If a cardholder buys a product of €100 using a Visa credit card, one possible scenario is that the issuer charges an interchange fee of €1.80, Visa charges €0.14 and the acquirer charges €0.33 to the merchant. This gives us a transaction cost of €2.27 for the merchant. In the transaction process this amount is deducted from the amount transferred to the merchant, so the merchant receives €97,73.

Depending on the credit status and payment behavior of the cardholder, the cardholder may pay 2% monthly interest. If the cardholder repays the issuer before the end of the month, he or she pays €102 in total for acquiring the product. Annual interest rates in reality may range from 13% to 24% (which corresponds to 2% monthly), depending on the cardholders’ credit status and payment behavior.

Due to volume, this is a very lucrative profit model for the stakeholders in the payment infrastructure. According to Form 10-K of Visa for 2019, there are 3.4B Visa cards and 61M merchant locations where they are accepted. In 2019 there were 138.3B transactions for a total payment volume of US$8.8T. This generated a gross data processing revenue (the revenue generated by this value network) of US$10.3B for Visa.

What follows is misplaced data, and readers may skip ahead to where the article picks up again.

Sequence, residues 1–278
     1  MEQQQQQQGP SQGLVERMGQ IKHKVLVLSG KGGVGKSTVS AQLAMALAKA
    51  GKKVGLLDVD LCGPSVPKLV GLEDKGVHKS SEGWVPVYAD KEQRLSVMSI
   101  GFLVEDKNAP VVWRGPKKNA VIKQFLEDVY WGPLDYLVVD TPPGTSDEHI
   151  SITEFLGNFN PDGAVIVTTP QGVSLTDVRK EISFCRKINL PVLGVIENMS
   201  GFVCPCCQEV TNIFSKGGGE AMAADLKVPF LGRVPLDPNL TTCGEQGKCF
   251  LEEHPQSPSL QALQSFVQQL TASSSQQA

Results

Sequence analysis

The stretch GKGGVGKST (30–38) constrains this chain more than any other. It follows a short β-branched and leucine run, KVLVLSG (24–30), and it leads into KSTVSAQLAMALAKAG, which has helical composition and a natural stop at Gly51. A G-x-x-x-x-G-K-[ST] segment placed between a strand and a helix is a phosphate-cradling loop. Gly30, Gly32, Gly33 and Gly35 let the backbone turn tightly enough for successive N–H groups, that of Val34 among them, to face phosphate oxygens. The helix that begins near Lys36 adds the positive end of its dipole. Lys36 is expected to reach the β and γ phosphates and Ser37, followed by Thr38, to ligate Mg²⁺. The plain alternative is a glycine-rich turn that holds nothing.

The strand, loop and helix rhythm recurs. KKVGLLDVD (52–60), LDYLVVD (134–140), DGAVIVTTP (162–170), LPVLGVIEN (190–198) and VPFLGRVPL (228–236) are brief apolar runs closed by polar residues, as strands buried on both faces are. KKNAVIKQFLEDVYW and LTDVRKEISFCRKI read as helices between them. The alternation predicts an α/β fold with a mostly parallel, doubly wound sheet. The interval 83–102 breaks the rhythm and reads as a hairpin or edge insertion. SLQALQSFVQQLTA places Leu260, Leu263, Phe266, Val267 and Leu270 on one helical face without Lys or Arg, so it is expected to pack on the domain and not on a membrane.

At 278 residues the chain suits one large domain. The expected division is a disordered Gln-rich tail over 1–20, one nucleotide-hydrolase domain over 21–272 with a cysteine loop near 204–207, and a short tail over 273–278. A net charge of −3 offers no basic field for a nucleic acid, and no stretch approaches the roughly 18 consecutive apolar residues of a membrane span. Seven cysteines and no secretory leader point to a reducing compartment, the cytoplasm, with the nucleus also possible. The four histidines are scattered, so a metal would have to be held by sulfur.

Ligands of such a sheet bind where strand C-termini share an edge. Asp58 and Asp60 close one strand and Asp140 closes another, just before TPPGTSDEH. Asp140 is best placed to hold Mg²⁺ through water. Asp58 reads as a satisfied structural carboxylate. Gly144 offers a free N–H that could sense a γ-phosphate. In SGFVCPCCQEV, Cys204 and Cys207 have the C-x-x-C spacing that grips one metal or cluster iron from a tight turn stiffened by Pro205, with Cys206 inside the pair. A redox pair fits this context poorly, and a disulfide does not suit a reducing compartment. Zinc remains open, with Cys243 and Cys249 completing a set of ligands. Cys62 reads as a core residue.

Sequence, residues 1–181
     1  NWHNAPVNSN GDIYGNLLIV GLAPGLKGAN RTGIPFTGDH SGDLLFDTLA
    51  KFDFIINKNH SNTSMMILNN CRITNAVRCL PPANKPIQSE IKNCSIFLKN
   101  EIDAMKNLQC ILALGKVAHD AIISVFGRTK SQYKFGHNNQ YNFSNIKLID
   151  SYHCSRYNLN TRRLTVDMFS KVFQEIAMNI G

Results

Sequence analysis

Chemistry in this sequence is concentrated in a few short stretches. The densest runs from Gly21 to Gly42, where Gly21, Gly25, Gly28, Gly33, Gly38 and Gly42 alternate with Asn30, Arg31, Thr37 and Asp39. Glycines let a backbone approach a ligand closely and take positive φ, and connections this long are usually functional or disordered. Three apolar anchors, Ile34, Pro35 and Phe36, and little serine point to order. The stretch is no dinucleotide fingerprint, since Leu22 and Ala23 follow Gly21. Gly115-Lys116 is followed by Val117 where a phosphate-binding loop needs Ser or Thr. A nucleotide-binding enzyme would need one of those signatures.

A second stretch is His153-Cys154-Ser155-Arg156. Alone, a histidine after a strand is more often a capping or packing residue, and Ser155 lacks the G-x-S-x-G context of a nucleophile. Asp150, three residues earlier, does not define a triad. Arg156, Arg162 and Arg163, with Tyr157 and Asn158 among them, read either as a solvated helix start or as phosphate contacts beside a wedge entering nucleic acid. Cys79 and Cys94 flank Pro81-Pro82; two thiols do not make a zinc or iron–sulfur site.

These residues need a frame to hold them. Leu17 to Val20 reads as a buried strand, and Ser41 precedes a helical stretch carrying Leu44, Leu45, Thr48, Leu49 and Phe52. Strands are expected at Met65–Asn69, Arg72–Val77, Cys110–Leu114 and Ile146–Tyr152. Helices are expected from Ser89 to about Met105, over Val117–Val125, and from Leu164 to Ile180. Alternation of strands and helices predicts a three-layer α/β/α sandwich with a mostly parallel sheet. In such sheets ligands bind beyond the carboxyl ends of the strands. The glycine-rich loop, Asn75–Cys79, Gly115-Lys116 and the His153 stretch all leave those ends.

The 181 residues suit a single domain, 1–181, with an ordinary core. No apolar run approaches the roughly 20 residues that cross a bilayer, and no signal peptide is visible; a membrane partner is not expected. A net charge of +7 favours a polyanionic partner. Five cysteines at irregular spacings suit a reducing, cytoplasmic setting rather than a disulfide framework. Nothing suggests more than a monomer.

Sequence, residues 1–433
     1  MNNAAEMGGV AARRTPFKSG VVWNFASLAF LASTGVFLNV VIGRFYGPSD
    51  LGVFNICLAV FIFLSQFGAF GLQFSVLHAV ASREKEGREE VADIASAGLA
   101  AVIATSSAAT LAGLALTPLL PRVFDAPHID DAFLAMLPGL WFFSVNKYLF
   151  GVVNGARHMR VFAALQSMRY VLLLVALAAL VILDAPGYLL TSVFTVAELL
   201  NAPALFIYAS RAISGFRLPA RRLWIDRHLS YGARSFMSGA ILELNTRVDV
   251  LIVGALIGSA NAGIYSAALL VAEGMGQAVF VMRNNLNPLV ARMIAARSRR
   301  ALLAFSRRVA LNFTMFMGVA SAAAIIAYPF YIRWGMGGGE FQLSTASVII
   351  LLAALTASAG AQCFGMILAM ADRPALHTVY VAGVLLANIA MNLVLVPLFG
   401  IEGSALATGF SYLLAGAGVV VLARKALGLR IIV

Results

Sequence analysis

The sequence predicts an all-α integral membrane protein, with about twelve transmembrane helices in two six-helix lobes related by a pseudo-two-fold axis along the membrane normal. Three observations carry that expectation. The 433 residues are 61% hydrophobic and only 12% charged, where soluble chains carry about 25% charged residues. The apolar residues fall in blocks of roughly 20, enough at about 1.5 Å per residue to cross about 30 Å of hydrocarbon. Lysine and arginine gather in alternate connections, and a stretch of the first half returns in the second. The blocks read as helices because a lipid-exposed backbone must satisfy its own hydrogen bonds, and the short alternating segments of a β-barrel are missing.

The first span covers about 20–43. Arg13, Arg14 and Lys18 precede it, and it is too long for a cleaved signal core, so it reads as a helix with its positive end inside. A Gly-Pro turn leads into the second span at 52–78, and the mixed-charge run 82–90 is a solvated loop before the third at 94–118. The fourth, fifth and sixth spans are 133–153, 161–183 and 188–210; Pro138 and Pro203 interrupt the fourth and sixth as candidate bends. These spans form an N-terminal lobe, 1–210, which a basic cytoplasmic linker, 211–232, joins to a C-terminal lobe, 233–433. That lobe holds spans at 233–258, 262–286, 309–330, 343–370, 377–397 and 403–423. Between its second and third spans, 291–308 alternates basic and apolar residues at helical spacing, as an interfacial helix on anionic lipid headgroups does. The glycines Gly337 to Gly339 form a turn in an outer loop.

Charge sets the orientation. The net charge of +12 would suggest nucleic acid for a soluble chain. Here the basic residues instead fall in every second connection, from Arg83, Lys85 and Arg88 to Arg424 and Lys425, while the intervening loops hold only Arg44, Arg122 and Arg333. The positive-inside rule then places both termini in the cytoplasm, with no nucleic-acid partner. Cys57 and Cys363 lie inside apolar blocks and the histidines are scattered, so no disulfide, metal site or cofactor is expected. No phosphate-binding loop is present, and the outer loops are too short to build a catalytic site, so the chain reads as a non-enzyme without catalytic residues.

Network effects

Cardholders and merchant experience cross-side positive network effects. If more consumers have a card, merchants benefit, and if more merchants accept a card, consumers benefit. And in both cases, the financial infrastructure benefits.

However, merchants experience a negative same-side network effect. The more competitors accept a card brand, the less the card has the effect of bringing in more customers. Rather, acceptance of the card has the effect of preventing a decrease in customers. This makes the addition of new payment technology somewhat of a Red Queen race for merchants: They must run faster to stay at the same place.

The network scales very well for card associations. The marginal cost of adding a cardholder or merchant to the network is nearly zero. It scales less well for issuers, for whom the cost of customer service and debt collection staff is roughly proportional to the number of cardholders.

Multi-stakeholder value propositions

With this analysis we can refine the value propositions that we started with.

  • Delayed payment for cardholders: Cardholders can buy now and pay later. However, products are more expensive.
  • More customers for merchants: Merchants could sell products to customers even if the customer does not have the cash on hand. This gives them more business. However, they receive less per product and the add-new-customers effect transforms into a keep-your customer effect when all competitors accept the same credit card brands.
  • More fees for the financial infrastructure stakeholders: Customers pay interest on the money advanced to them, and merchants pay fees for accepting the card. Scalability for card associations is excellent, for issuers it scales less well.

In the past five years, tech companies like Apple, Google and Amazon have introduced new payment technology to complement the existing card payment infrastructure. We will analyze the business models of these technologies in our next blog.